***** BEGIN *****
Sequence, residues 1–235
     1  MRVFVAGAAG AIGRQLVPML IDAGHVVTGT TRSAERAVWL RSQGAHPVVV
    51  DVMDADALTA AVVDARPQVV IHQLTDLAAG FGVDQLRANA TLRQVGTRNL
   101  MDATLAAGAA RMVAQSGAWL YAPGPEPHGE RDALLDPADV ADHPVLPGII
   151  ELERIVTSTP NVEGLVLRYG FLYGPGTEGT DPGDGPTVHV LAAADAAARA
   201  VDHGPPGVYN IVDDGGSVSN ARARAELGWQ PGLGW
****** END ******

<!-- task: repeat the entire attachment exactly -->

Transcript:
Sequence, residues 1–235
     1  MRVFVAGAAG AIGRQLVPML IDAGHVVTGT TRSAERAVWL RSQGAHPVVV
    51  DVMDADALTA AVVDARPQVV IHQLTDLAAG FGVDQLRANA TLRQVGTRNL
   101  MDATLAAGAA RMVAQSGAWL YAPGPEPHGE RDALLDPADV ADHPVLPGII
   151  ELERIVTSTP NVEGLVLRYG FLYGPGTEGT DPGDGPTVHV LAAADAAARA
   201  VDHGPPGVYN IVDDGGSVSN ARARAELGWQ PGLGW